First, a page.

The Hebrew root l’hitpallel , which we translate as “pray,” and which can be rendered more precisely as “intercede” or “interpose,” comes from an Arabic root meaning “to cut oneself in worship.” Our wise rebbe Ellen Kaufman Dosick recently reminded me that the word “tears” can also be pronounced “tears” (tares). In the depth of her pain, Hannah tears herself open with implicit trust that the Holy One will witness her suffering. If G-d will open her womb, she vows, she will dedicate its fruit, the son she will bear, to G-d’s service. And then we read: “v’Hannah, hi midaberet al libah; rak s’fateyha na-ot, v’kolah lo yishameya: and Hannah was speaking upon her heart; only her lips moved and her voice was not heard.”2 In the act of weeping out her longing and passion to G-d, Hannah speaks also into her own heart, opening at last to the depths of her own desire, silently mouthing words of yearning too ardent, too intimate to be spoken aloud. In one breath she surrenders all – her pain, her longing, even her unborn son – to G-d, and in this moment begins to find inner peace.
I feel a special kinship with Hannah, this mother of prayer, for Hannah is my Hebrew name. And I am named after my mother’s mother, Hannah Dreisl, “Helen,” as she came to be called when she arrived in this country from Hungary at the age of nine, just before the outbreak of World War I. Like Hannah of the Bible, she was a woman greatly beloved of her husband, my Grandpa Sam; and she was a woman unfulfilled, not for lack of children – of whom she left behind three, including my mother Florence, the middle one – but in years. She died at age 26 at the height of the Great Depression, having shed not her tears, but her life’s blood, and not to bring a child into the world, but to avoid having another one. A Chicago abortionist’s knife took the life that almost certainly would have ended, had she not left Hungary, in the camps of Poland some ten years later.
My mother was six years old when her mother died. She never grieved. She told me that at the funeral on a cold October day in 1930 at the Waldheim cemetery in Chicago, her father threw himself into the open grave, sobbing. But she kept quiet, not knowing what was happening or what to do. In her immigrant family, emotions were not easily shared. Growing up, I sensed a great sadness in the house of my mother’s parents (Sam had remarried after a couple of years) and never felt completely comfortable there.
I believe that unshed tears are passed from generation to generation. My mother carried these unshed tears lodged in her throat, and she passed them on to me. I discovered them only many years later, when I began to study singing and tapped into a well of tears caught in my own throat. I would sing jazz standards, songs of yearning and unrequited love. For two years I cried every time I sang. Only later did I come to understand that these songs are also prayers. I am still learning to cry my grandmother’s and mother’s and my own tears of grief and longing, and perhaps the tears of earlier generations and generations yet to come as well. It has taken me a long time to begin to name the yearnings of which they speak, and even longer to understand the joy which crying them liberates.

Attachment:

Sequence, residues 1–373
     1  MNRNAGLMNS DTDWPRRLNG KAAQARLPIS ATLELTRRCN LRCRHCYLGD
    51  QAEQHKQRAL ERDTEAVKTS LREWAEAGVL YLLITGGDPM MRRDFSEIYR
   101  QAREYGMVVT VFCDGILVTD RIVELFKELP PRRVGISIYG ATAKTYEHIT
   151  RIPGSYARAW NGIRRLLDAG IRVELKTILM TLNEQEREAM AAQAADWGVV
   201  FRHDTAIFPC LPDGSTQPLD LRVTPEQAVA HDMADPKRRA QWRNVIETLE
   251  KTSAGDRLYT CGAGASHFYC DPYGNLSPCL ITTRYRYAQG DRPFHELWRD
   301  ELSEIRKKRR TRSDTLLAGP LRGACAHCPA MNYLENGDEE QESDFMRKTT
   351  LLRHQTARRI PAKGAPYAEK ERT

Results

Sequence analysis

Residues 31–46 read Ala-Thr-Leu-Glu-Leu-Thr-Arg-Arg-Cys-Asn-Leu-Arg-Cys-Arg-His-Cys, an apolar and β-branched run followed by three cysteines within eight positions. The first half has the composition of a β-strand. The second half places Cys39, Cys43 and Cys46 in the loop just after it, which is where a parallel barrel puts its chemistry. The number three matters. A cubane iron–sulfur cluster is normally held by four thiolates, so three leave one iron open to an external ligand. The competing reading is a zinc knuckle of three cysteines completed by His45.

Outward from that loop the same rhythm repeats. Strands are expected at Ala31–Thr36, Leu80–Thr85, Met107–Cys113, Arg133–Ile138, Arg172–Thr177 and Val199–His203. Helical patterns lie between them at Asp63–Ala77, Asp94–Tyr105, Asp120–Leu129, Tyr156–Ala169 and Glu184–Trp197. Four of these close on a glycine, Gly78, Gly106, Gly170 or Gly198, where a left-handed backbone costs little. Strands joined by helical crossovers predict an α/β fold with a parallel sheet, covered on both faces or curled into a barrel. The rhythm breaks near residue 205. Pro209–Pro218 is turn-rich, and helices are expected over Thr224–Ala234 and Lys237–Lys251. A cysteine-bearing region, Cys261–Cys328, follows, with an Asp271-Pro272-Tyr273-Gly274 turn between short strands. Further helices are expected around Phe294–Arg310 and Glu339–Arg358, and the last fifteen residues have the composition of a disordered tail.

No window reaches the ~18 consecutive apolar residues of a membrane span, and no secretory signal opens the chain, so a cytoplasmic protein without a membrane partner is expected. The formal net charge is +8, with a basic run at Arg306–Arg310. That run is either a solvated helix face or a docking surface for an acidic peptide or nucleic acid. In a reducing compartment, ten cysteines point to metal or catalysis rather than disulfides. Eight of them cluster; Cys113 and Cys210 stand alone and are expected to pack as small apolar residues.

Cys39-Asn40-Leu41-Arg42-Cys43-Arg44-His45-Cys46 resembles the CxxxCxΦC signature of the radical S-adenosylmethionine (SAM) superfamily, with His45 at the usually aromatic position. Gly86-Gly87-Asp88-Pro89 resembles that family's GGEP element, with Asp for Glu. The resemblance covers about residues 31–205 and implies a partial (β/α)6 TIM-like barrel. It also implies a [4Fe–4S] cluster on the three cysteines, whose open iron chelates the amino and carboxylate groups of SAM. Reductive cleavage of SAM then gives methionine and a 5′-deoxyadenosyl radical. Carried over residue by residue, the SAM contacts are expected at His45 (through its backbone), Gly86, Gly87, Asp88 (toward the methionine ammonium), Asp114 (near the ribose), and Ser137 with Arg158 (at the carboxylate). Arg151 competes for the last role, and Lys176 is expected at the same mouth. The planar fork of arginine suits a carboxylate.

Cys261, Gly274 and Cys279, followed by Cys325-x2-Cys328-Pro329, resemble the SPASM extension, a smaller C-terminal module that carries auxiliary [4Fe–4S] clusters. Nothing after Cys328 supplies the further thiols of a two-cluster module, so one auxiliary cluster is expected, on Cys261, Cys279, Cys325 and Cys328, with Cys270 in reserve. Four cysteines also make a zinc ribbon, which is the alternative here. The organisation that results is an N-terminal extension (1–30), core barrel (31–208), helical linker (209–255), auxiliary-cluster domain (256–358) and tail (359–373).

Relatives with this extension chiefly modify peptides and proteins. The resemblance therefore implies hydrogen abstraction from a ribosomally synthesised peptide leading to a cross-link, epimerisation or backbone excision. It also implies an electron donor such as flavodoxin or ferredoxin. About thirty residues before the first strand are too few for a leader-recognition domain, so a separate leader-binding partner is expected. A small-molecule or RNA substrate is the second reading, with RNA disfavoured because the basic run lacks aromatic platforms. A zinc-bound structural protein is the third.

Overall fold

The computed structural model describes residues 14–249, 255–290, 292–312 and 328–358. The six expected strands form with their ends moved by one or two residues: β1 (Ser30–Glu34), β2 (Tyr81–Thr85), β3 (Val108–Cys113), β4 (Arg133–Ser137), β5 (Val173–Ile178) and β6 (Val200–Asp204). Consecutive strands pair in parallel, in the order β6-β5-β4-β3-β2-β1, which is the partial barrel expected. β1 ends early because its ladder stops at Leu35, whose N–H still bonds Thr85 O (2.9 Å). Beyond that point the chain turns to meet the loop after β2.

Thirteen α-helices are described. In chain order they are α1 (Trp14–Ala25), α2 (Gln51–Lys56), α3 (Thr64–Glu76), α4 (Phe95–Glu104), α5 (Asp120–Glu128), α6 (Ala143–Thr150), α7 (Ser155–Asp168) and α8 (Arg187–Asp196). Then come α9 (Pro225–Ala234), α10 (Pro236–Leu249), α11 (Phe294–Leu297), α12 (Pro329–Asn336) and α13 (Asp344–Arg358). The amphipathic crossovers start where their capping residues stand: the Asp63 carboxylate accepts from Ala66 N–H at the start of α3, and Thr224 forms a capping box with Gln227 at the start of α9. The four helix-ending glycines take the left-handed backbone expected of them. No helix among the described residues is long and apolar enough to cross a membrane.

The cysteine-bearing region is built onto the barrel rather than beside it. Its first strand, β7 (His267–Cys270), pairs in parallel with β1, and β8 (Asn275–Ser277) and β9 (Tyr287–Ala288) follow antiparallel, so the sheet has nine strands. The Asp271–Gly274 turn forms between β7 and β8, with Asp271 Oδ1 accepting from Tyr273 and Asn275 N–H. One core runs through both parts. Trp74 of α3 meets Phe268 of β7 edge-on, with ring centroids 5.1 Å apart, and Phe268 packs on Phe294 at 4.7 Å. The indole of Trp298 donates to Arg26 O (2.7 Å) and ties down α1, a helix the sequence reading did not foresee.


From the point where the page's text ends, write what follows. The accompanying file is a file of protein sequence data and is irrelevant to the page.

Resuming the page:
Rabbi Abraham Joshua Heschel has described prayer as an “adventure of the soul” that shifts “the center of living from self-consciousness to self-surrender.”3 That first Hannah knew, or came to know, that tears of loss are folded into tears of fulfillment, those of fulfillment folded into those of loss, and that to risk fulfillment, we inevitably invite loss. In time she bore her son, and in time brought him back to the temple to enter G-d’s service as a new kind of priest, an anointer of kings. Then she prayed/praised aloud, and her prayer is a kaddish, a sanctification of the Great Name, an upliftment for all souls who yearn, for she teaches the most difficult lesson of true prayer: the lesson of surrender in the very moment of asking.
At this season, this Rosh Ha-Shanah, this moment of renewing our awareness of the constancy of change, the ever-present possibility of transformation, Hannah teaches me what my grandmother never had the chance to, and what my mother didn’t know how to: the power of opening ourselves to the Possibility Beyond Possibilities, of feeling our deepest yearnings with all of our being, of becoming radically vulnerable, even in the face of our world’s apparent harshness. “For it is not through strength that humans prevail,” she proclaims. She teaches us l’hitpallel, to cut ourselves open in prayer, to acknowledge that by ourselves we are incapable of creating what we most deeply desire – love, peace, wholeness – and yet, that if we fully open to those desires, if we can bless our own longings and let them flood through us without inner resistance, then we engage G-d’s co-creative force and draw it into our lives. Hannah challenges us to let G-d stretch us wide, and by example enjoins us to pray as if our very lives depended on it –for they do.
Of all the many worthy reasons we come together at this holy season – to review the past year; to let go of old energies and realign ourselves with our deepest purpose; to forgive and be forgiven; to celebrate successes and blessings; to lament the ways in which we as individuals, as a community, and as a human race, have failed to be kind, to be strong, to fulfill our potentials for goodness and fairness and truth -- perhaps the most profound is simply this: to open our hearts, to share our tears and to let G-d stretch us.
O G-d, Great Discerner, Holy Champion, help us to set aside our bashfulness. Teach us to touch in love the sorest, the least voiced parts of our own souls. Meet our tears and whisperings with your compassion, that our lives may open gracefully into whatever circumstances we face. Let us receive the blessings of this moment, this day and this coming year in healing gratitude. Amen.
1 I Samuel, 1:10
2 Op. cit., 1:13
3 Moral Grandeur and Spiritual Audacity.
© Diane Elliot 2004